chocolate ginger bundt cake

I’m terribly afraid of dying. Sometimes it keeps me up at night; I imagine dreadful scenarios of tragedy that I won’t share here. In the dark I clutch my husband’s hand, making sure he’s close; in the dark I tiptoe to the little’s rooms to take an extra peek, just in case it’s my last look. I find myself whispering frequently to the sky beyond the ceiling, ‘Why do we stop here, if we’re just going to leave?’ When the dawn comes, I find myself whispering again, ‘Well, there’s one more day in front of us. Phew.’ It’s not an easy panic to work through, because, well, I’m going to die. It’s the not knowing how and when that drives me crazy.
So, then there’s this chocolate ginger cake I made. Not a great segue, I know. I love this chocolate bundt cake recipe; it is full of intense chocolate flavor and stays moist for days. After a day of making candied ginger I decided to throw some in, and I found just what I was looking for in all the spicy and the sweet. Each bite was magical: first the chocolate dark and dreamy, then the ginger sweeping in unexpected, burning for just a moment. But then the chocolate comes back to reign things in, mixing itself with the ginger to meld the flavors perfectly. The last moments are all chocolate, dear chocolate with it’s ability to still my soul, calm my heart.
And there in that brief stillness, I realized that this humble little cake showed me something about life, and death and dying.

Chocolate Ginger Bundt Cake
Adapted from America’s Test Kitchen’s Healthy Family Cookbook. I used homemade crystallized ginger which is much spicer than store bought, and I put in a scant 1/2 cup. I thought it was perfect, but you can always use more or less. Since I had homemade ginger candy, I also had some ginger simple syrup, which I brushed on top. It added a nice glossy finish, but not much else. If you don’t have ginger syrup on hand, you could dust with cocoa powder or powdered sugar, but it isn’t necessary.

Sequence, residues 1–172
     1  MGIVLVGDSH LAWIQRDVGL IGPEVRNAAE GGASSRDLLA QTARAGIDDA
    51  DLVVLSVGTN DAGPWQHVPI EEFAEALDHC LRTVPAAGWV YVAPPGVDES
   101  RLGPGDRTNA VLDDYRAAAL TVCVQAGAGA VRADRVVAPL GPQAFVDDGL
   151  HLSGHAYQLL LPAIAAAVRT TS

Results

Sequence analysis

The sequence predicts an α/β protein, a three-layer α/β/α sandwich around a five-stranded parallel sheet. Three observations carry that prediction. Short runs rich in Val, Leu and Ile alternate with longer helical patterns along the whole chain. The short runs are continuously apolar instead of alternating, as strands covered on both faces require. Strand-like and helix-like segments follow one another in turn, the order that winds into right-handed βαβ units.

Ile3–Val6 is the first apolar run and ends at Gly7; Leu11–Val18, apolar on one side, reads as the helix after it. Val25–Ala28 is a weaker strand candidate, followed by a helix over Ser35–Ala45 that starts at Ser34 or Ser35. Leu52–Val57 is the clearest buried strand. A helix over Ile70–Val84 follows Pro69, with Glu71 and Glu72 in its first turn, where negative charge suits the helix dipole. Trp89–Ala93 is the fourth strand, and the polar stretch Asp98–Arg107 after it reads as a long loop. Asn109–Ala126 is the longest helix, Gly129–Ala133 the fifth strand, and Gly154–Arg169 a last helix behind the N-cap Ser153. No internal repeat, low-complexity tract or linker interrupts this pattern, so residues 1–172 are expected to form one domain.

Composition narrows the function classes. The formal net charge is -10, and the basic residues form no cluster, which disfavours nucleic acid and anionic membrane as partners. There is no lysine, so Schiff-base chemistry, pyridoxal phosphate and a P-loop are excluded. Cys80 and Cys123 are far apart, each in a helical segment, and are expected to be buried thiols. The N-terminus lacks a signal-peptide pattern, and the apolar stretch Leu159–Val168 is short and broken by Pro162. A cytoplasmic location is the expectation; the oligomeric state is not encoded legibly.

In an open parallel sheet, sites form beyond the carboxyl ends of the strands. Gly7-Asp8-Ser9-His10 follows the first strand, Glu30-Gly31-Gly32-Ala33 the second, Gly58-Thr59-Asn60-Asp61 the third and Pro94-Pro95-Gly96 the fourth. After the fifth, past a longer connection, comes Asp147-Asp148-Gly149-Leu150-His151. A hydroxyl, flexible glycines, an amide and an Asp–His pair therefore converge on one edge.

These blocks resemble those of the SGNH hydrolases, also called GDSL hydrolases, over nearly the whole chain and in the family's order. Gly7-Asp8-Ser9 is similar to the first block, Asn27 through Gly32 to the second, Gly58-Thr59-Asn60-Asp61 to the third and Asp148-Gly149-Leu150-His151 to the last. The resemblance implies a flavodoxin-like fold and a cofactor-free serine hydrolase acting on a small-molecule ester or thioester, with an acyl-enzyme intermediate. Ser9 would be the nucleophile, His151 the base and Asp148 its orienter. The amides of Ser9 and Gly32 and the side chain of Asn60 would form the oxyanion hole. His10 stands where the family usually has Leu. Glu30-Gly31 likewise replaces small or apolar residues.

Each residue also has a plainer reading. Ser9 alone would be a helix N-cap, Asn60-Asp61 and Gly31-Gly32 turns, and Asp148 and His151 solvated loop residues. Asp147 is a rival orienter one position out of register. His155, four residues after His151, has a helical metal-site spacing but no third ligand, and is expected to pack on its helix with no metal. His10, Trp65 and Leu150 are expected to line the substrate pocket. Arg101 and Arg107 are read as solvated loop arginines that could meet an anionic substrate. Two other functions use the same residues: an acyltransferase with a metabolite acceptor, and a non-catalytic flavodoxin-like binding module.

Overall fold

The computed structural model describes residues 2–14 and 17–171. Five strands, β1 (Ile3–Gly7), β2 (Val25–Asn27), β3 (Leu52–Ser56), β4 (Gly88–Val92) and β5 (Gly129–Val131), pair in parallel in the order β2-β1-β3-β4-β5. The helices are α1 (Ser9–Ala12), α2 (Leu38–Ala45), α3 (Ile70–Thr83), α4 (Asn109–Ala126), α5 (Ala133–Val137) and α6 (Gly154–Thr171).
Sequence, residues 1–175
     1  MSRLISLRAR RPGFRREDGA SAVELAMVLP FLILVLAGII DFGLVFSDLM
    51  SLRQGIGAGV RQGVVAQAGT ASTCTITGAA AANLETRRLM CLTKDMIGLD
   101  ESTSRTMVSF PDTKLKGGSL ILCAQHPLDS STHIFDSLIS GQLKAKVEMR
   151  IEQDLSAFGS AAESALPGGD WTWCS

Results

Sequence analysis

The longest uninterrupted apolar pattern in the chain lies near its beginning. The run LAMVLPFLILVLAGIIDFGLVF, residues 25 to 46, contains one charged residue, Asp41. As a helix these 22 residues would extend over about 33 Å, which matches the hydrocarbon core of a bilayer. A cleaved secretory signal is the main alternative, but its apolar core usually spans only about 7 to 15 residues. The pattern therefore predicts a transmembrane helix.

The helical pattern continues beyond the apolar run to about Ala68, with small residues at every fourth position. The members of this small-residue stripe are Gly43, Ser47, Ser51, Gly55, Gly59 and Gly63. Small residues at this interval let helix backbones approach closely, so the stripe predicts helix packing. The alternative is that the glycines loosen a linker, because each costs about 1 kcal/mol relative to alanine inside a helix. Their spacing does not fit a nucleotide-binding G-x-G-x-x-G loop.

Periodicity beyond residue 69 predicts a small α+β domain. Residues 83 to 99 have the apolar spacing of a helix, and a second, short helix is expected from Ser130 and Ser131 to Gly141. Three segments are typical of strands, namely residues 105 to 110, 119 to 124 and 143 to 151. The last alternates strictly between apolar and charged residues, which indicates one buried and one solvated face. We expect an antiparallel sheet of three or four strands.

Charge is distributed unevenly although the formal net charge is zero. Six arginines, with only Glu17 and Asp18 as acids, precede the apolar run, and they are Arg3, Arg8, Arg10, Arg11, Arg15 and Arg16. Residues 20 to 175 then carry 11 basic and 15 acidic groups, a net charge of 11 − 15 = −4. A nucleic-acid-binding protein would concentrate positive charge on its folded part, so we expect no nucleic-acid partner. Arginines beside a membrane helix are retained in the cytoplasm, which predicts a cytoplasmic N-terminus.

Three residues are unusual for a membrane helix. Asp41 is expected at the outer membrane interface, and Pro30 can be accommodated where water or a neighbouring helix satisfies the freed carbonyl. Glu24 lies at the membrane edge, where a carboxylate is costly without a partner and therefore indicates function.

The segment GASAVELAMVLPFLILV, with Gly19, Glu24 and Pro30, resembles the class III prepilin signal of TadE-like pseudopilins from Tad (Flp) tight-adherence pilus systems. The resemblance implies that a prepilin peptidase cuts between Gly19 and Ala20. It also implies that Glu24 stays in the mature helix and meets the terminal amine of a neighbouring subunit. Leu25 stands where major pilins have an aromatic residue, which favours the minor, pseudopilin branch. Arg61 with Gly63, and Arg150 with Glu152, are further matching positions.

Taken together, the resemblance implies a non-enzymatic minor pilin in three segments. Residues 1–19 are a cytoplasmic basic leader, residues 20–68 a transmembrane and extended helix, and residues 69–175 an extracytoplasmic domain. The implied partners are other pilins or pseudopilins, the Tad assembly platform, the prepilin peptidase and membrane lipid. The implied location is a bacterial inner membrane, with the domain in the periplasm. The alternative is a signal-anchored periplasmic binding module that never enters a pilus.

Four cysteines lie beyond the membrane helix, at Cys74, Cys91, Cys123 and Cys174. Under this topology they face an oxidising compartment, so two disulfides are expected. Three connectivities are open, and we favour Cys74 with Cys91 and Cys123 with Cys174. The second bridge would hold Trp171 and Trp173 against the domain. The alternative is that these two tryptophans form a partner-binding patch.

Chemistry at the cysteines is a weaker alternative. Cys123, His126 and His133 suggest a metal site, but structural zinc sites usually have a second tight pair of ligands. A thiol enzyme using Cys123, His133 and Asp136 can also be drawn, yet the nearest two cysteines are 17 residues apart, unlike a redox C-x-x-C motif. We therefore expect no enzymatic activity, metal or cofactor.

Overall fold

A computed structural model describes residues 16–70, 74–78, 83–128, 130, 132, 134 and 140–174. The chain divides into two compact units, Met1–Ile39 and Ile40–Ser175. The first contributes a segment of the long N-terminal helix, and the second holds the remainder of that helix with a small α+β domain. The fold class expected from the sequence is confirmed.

3 ounces bittersweet chocolate, chopped fine
3/4 cup [2 1/4 ounces] Dutch-processed cocoa powder
1 cup very hot brewed coffee, plus 1/4 cup brewed coffee
1 3/4 cup flour
1 teaspoon baking soda
1 teaspoon salt
2 cups packed [14 ounces] brown sugar
1/2 cup vegetable oil
2 large eggs, room temperature
1 tablespoon vanilla extract
6 ounces bittersweet chocolate, chopped
1/4-1/2 cup crystallized ginger, chopped small

Adjust an oven rack to the lower middle position and heat oven to 350 degrees. Grease a 12 cup Bundt pan.
Combine chocolate and cocoa in a medium bowl. Add the hot coffee, cover, and let sit for 5 minutes to melt the chocolate. Whisk the chocolate mixture until smooth, then set aside to cool slightly, about 2 minutes. In a separate bowl, whisk flour, baking soda and salt together.
Process the melted chocolate mixture, sugar, oil, eggs and vanilla together in a food processor until combined, about 1 minute. Pour the mixture into a large bowl.
Sift one-third of the flour mixture over the batter and whisk until just a few streaks of flour remain. Repeat twice more with the remaining flour mixture, then continue to whisk the batter until most the lumps are gone. Gently stir in the chopped chocolate and crystallized ginger.
Scrape the batter into the prepared pan and smooth the top. Gently tap the pan on the counter to settle the batter. Bake the cake until a toothpick inserted into the center comes out with a few moist crumbs attached, 45-60 minutes, rotating the pan halfway through baking.
Let the cake cool in the pan for 10 minutes, then flip it out onto a wire rack. Let cake cool completely, about two hours, before slicing. Cake keeps well for several days at room temperature, covered.
  • Reply
    Tina Garfinkel
    Thursday, October 7, 2021 at 1:25 pm

    HI, would love to see an answer o the first question re: the brewed coffee – do you add the entire 1-1/4c. at once, or is the 1/4 c. added in a later step? Thanks so much, would love to make this!

  • Reply
    Saturday, September 2, 2017 at 11:29 am

    Hello, was the extra 1/4 cup brewed coffee (listed after the 1 cup very hot brewed coffee) to be mixed in with the chocolate and cocoa too? So it would be a total of 1 1/4 cup coffee mixed in with the chocolate and cocoa? Or was the 1/4 cup coffee to be added elsewhere? Thank you for your help. I would like to try this recipe.

  • Reply
    Zachary Hadley
    Thursday, November 13, 2014 at 11:50 am

    Great writing and a great recipe! I think that the combination of dark chocolate and ginger is really compelling. Now I need to work on making that homemade crystallized ginger…

  • Reply
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  • Reply
    Local Milk
    Monday, October 29, 2012 at 2:05 am